Archive for December, 2013

Swapping Tables

Posted in Uncategorized on December 31, 2013 by nmpreach

I’m not much for resolutions, but I think goals are vital to life.  Is that a contradiction?

What I mean is this:  Resolutions focus on the upcoming year but often times those new-found commitments end after a few weeks.  Resolutions seem to appeal to individuals – their hopes, dreams, desires, etc.  You might resolve to lose weight, quit smoking, exercise more, etc.  But most seem narcissistic.

On the other hand, Jesus said, …I came that they may have life and have it abundantly. (Jn 10:10)  Living an abundant life should be our goal – living a life that’s full.  So we must define the abundant life the way He defines it.  In other words, my life is not my own.  My goals can’t be focused on me!  My selfishness must be destroyed.  That’s not narcissistic at all.  In fact, it’s the opposite.

So here’s one of my goals for 2014.  I’m making an exchange.  From this,


to this.


Don’t get the wrong idea.  I’m not giving up food.  That would never happen!  🙂  But I do want to make better choices.  Although I will benefit from making better choices on what I consume, in the long-term, my family benefits, my church benefits, everyone around me benefits.  They benefit because of conscious decisions that I make.  I’ve also told our church I’m praying that we all have a new hunger and thirst for God’s Word.  Ezekiel 2:8 reads, …open your mouth and eat what I give you.  Jesus himself said, Blessed are those who hunger and thirst for righteousness, for they shall be satisfied.  (Matt 5:6)  That’s the “table” I’m more interested in.  Amen.


Quotes (32)

Posted in Words on December 27, 2013 by nmpreach

I realize it’s Friday and typically I post quotes on Thursday.  Nevertheless, think about this.

Faith is not a make it up for yourself, personal do-it-yourself life project. But faith is a life practice, conducted in community. – Leonard Sweet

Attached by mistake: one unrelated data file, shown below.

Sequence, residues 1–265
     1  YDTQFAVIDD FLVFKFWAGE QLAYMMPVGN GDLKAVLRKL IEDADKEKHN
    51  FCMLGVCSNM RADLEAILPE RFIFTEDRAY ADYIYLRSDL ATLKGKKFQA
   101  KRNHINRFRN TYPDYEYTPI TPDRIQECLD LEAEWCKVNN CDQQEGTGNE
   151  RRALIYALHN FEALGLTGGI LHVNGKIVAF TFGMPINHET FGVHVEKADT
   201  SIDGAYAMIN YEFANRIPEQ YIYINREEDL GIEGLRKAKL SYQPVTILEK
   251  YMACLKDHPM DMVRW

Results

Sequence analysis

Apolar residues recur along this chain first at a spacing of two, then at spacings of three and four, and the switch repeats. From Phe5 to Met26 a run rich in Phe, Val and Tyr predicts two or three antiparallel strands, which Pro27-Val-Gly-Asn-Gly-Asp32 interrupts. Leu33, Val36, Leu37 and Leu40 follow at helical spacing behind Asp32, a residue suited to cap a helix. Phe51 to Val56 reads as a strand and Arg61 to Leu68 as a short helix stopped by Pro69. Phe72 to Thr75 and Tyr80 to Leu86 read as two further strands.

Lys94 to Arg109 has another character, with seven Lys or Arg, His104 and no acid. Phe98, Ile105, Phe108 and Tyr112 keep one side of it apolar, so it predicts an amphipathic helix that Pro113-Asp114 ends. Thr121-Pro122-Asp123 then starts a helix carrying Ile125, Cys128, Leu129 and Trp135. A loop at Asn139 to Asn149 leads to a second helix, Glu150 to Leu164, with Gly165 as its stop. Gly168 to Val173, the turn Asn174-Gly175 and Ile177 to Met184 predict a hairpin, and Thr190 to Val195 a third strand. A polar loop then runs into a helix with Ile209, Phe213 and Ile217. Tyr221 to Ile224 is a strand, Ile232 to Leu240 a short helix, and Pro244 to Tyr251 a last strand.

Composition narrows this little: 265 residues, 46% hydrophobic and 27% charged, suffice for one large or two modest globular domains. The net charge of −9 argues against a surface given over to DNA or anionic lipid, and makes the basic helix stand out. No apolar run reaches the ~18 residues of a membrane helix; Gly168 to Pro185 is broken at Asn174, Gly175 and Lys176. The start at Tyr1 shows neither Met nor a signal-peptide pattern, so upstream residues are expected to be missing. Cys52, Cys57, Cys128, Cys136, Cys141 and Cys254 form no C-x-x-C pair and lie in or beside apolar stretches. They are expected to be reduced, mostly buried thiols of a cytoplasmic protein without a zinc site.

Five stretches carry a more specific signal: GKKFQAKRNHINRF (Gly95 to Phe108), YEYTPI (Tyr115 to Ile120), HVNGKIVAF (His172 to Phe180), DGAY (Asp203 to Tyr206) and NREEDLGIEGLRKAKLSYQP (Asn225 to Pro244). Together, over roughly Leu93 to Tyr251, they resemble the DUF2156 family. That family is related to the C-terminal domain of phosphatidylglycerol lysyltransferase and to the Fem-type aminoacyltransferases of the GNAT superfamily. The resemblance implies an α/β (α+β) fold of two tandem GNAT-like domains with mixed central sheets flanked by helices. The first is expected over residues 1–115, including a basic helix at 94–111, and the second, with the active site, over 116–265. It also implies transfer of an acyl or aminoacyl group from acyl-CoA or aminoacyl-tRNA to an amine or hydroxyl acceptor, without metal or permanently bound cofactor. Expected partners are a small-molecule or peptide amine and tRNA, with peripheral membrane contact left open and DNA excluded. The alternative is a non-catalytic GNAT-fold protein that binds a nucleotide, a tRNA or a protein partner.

Ears To Hear

Posted in Jeremiah, Scripture, Sin on December 26, 2013 by nmpreach

Continuing through Jeremiah, you ran across chapter thirteen. Weird, right? First of all, a loincloth? I can’t think of the last time a loincloth has come up in one of my conversations.

Firstly, a loincloth held the outer clothing in place. Typically, the “belt” would cling to one’s person. However, what makes this belt different was it was to be made of linen (13:1) rather than leather. Previously, only the priest wore linen. So why would the prophet be told the loincloth was to be linen?  Linen signified purity.  And each time linen was put on, it was to remind the wearer of the presence of God.

Secondly, Jeremiah is told to make the long journey to the Euphrates and hide the clothing near the river.  After some time, he’s told to retrieve his clothing.  But as he returns, Jeremiah finds it “spoiled” and good for nothing” (13:7).  The text goes on to say God would make the Israelites acknowledge their pride.  It’s important to quote here:

This evil people, who refuse to hear my words, who stubbornly follow their own heart and have gone after other gods to serve them and worship them, shall be like this loincloth, which is good for nothing.  For as the loincloth clings to the waist of a man, so I made the whole house of Israel and the whole house of Judah cling to me, declares the LORD, that they might be for me a people, a name, a praise, and a glory, but they would not listenvss 10-11 emphasis mine


God desires a relationship with His people.  In fact, at a risk of over-simplifying a statement, He reaches out to the Israelites more than once.  Yet they choose to do their own thing.  And eventually God has enough.  He commissions the prophet to make a point about Israel’s sin.  They’re pride and arrogance is passed the point of no return.  They’re not hearing God’s call to return.  They’re selfish and it’s time to be called on their sin.

You might think these are uneducated people.  They didn’t have the knowledge we have.  But wait a sec.  What makes us any different from them?  Sure, they didn’t have the Word as we know it.  But they had the Law and the Prophets and still refused to heed the warnings.  They continued down the same path of destruction and believed they would get by with their rebellion.  We do the same.  We cry “foul” when we’re disciplined for our sin.  We worship money, material possessions, the things of the world.  Yet we don’t learn from previous choices.

Let’s not be too quick to judge these people.  Let’s look first at our own lives and decide what God is calling us to change.  I’m not interested in a resolution that will last a few days or a few weeks.  I’m talking about a life long change.  What has God been speaking, prodding, screaming for us to change but we’ve chosen not to listen?  Thankfully, it’s not too late!

Seriously, Sin?

Posted in Jeremiah, Scripture, Sin on December 20, 2013 by nmpreach

jeremiahEarlier this week, we began to look at the book of Jeremiah.  You can find the first post here.  Today, we turn our attention to chapters 6-10. Once Jeremiah is called by God to be a prophet, he quickly turns to the message.  “Jerusalem, you are sinners.  You’ve turned from a faithful God to your own desires.  Therefore, God is going to punish.”  That’s a paraphrase of the first few chapters, but it’s fair.  Read it, if you haven’t already done so.